Ensuring older workers are able to stay in good-quality employment is essential to the future of the UK economy and will relieve pressure on public finances, according to a new report by the Centre for Ageing Better published today for the Intergenerational Commission.

Better work: design jobs for older workers

The Report argues that the key driver to keeping people working longer is to improve the quality of work. It suggests that increasing job quality and role design can help retain older workers.

A quarter of all workers in the UK do not think they could to do their current job over the age of 60, rising to one in three for lower-skilled manual workers. The Report suggest that employers must search for innovative approaches to job role design and more greatly exploit technology to assist and enable people to remain in good quality work for longer.

Back to work: support those older workers who want to return

The report notes that those aged 50-64 can struggle to return to work after a period of unemployment. Employment support has been targeted at younger people, so there is little evidence as to what actually works to support older job seekers.

Workplaces that work for everyone

The Report says that there are significant still age biases in the workplace. Older workers more likely to experience discrimination in recruitment.

It argues that discrimination law has not done enough to drive changes in behaviour. We need to open up discussions about age at work and do more to support both employers and older employees.

Investment in skills and retraining is vital across all ages of a business. But older workers are less likely to be afforded access to this. Across the whole of the OECD only Turkey and Slovenia have lower levels of on-the-job training for older workers than the UK. The report argues that we need much more investment in skills and retraining, and the creation of supportive workplaces offering meaningful work.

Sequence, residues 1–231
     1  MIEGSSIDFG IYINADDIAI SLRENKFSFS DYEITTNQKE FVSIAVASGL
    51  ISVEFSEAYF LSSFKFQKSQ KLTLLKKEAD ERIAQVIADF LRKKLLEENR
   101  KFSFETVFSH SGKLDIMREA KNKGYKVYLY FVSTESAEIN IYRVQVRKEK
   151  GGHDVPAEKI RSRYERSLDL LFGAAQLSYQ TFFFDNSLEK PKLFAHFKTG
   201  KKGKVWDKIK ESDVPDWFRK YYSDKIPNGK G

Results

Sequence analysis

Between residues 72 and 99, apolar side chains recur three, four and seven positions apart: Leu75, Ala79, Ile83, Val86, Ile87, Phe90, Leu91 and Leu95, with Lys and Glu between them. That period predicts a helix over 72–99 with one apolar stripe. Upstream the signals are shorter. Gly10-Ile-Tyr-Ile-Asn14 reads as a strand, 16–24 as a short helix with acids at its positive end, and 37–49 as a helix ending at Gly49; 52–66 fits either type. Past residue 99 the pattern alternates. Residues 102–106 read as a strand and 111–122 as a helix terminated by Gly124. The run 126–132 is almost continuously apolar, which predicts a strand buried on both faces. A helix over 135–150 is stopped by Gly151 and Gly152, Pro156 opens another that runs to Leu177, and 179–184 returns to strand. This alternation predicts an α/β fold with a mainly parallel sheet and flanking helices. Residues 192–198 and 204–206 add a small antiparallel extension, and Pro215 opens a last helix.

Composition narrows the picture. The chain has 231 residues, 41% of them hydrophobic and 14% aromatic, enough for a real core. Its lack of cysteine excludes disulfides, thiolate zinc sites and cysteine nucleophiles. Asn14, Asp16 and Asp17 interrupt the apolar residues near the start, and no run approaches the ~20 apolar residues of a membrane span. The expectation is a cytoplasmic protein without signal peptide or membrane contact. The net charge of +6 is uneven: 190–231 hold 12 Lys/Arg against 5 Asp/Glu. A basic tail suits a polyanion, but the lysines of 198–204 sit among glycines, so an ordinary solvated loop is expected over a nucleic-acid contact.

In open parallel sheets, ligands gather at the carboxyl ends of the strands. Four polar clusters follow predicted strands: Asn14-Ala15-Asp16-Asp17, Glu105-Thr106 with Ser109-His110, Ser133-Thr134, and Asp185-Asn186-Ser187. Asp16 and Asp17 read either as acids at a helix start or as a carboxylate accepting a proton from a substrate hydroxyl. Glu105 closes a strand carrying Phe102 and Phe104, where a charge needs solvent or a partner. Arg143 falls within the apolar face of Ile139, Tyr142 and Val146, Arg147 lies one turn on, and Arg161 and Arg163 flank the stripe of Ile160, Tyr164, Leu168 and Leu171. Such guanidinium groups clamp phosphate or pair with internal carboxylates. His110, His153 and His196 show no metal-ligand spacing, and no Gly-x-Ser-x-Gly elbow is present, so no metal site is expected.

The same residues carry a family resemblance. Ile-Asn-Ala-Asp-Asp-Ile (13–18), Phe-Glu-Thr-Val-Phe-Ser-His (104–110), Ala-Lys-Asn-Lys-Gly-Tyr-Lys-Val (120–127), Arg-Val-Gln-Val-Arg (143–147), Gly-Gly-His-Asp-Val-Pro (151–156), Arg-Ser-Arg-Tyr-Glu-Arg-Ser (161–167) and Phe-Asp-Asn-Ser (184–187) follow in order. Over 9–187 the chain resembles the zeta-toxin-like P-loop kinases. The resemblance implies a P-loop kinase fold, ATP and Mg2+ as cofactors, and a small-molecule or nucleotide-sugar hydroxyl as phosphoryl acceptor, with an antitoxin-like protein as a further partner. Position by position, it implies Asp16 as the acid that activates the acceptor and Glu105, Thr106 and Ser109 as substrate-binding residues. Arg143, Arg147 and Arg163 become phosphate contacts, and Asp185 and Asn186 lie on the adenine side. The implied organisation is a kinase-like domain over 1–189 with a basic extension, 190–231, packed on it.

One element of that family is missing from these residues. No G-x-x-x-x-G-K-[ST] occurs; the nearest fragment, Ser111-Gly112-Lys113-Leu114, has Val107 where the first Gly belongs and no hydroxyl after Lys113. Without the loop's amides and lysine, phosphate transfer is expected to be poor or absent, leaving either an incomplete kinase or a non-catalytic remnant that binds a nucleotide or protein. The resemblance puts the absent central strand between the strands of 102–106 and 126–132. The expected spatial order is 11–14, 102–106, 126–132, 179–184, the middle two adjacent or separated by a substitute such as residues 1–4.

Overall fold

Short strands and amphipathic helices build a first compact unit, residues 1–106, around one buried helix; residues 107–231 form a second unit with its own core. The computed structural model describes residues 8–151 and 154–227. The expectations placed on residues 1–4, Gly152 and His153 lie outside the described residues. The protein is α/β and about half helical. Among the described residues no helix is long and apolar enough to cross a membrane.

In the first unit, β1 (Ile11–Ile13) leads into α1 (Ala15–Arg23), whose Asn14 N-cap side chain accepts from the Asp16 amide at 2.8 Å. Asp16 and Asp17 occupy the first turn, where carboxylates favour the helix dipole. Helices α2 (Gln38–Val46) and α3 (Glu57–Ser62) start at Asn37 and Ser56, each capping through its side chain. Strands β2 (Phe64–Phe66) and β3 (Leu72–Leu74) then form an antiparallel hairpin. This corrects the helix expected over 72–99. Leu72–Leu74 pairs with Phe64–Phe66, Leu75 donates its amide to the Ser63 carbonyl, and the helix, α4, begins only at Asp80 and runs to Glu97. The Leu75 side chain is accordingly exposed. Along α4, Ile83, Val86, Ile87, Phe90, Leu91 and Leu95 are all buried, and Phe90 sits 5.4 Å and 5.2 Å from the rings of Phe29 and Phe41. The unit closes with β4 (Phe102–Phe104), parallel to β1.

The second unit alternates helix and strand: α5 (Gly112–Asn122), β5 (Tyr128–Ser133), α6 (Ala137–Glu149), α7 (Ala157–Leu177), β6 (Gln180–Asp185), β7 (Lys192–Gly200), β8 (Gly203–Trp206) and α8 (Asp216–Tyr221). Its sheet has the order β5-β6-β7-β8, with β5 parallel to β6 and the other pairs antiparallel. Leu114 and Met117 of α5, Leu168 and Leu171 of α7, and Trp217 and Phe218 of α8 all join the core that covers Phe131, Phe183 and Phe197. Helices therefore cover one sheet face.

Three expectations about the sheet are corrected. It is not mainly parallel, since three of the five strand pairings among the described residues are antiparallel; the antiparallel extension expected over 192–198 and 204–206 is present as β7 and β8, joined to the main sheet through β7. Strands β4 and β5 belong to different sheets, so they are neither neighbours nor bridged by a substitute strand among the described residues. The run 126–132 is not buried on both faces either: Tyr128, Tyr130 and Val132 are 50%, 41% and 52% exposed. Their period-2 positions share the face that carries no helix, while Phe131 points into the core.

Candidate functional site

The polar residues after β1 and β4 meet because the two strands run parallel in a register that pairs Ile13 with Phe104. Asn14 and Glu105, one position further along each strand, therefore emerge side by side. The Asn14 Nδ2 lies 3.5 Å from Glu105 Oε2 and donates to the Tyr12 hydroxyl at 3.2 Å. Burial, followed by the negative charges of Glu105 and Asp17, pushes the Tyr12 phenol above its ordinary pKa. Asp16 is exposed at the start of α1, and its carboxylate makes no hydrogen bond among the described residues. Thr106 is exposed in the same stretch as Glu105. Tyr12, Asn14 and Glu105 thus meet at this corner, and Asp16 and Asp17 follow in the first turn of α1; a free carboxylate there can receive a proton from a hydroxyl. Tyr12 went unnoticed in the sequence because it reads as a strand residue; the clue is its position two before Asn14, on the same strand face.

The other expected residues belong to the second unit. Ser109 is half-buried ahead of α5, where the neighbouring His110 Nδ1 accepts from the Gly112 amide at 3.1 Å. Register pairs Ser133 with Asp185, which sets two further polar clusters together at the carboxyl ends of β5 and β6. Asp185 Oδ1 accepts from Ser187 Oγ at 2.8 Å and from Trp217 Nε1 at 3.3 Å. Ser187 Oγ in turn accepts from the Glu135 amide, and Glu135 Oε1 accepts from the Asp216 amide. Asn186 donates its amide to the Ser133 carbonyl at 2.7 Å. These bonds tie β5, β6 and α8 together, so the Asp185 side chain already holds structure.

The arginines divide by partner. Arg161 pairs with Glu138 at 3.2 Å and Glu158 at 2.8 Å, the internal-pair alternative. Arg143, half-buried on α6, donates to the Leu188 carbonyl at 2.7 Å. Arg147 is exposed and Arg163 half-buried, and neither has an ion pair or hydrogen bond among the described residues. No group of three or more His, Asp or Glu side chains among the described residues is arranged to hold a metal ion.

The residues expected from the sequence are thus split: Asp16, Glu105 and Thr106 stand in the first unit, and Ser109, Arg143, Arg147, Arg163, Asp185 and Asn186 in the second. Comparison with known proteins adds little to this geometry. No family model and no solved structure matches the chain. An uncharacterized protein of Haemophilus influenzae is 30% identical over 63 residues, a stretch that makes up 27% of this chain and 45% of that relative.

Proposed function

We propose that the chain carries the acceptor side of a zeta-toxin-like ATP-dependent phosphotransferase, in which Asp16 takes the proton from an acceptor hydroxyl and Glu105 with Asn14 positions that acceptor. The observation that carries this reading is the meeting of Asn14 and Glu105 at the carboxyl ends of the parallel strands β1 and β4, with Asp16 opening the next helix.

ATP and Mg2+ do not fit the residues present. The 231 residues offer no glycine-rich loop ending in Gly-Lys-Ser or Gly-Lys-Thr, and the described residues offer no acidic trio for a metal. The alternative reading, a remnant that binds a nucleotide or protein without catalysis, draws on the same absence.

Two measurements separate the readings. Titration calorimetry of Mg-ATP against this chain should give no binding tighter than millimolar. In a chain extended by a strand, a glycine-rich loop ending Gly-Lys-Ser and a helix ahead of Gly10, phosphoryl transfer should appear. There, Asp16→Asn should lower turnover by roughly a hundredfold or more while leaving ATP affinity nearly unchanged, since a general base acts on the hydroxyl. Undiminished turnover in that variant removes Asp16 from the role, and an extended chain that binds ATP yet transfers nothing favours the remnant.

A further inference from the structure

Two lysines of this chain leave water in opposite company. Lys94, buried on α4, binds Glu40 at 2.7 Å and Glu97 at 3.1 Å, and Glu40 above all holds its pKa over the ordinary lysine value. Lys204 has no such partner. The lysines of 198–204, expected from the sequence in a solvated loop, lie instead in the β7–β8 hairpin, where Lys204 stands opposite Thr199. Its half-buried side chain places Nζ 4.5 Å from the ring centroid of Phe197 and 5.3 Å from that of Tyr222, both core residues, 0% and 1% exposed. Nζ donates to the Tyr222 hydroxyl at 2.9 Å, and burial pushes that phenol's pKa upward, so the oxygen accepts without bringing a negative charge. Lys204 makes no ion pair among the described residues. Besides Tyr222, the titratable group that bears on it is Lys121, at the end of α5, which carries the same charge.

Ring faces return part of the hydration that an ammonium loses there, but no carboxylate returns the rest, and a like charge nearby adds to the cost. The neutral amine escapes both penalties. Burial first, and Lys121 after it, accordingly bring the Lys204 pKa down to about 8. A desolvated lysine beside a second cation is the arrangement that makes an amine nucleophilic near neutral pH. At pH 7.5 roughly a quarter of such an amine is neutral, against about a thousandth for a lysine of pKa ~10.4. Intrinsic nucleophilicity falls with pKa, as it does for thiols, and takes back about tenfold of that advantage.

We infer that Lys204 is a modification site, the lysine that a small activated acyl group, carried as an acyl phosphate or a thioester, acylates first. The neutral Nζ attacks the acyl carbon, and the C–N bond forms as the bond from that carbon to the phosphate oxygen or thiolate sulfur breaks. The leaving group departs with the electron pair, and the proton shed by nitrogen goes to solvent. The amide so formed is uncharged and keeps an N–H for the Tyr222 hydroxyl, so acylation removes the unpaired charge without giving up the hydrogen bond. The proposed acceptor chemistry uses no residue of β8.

The policy recommendations

The recommendations made in the report are below.

Policies to prevent older workers from falling out of work

  • Ensure that existing initiatives and services such as Access to Work are tailored to the health profile and needs of older workers.
  • Enable workers to make a statutory request for flexible working upon point of hire, without having to wait 26 weeks.
  • Require statutory reporting of flexible working requests and responses. 
  • Introduce a right to return for both carers and people with long term health conditions.

Policies to support a return to work

  • Develop specialised employment support for claimants aged 50 and over, recognising the particular difficulties faced by this age group.
  • Create greater flexibility in the benefits system to recognise that not everyone can work, particularly in the context of the rising state pension age.

Policies to support workplaces that accommodate all ages

  • Introduce age bands in gender pay gap reporting to highlight pay inequalities faced  by older women in the workplace. 
  • Ensure open access and promotion of skills and progression opportunities for all ages. For example, the National Retraining Scheme and Lifelong Learning Partnership should incorporate the learning and training needs of older workers.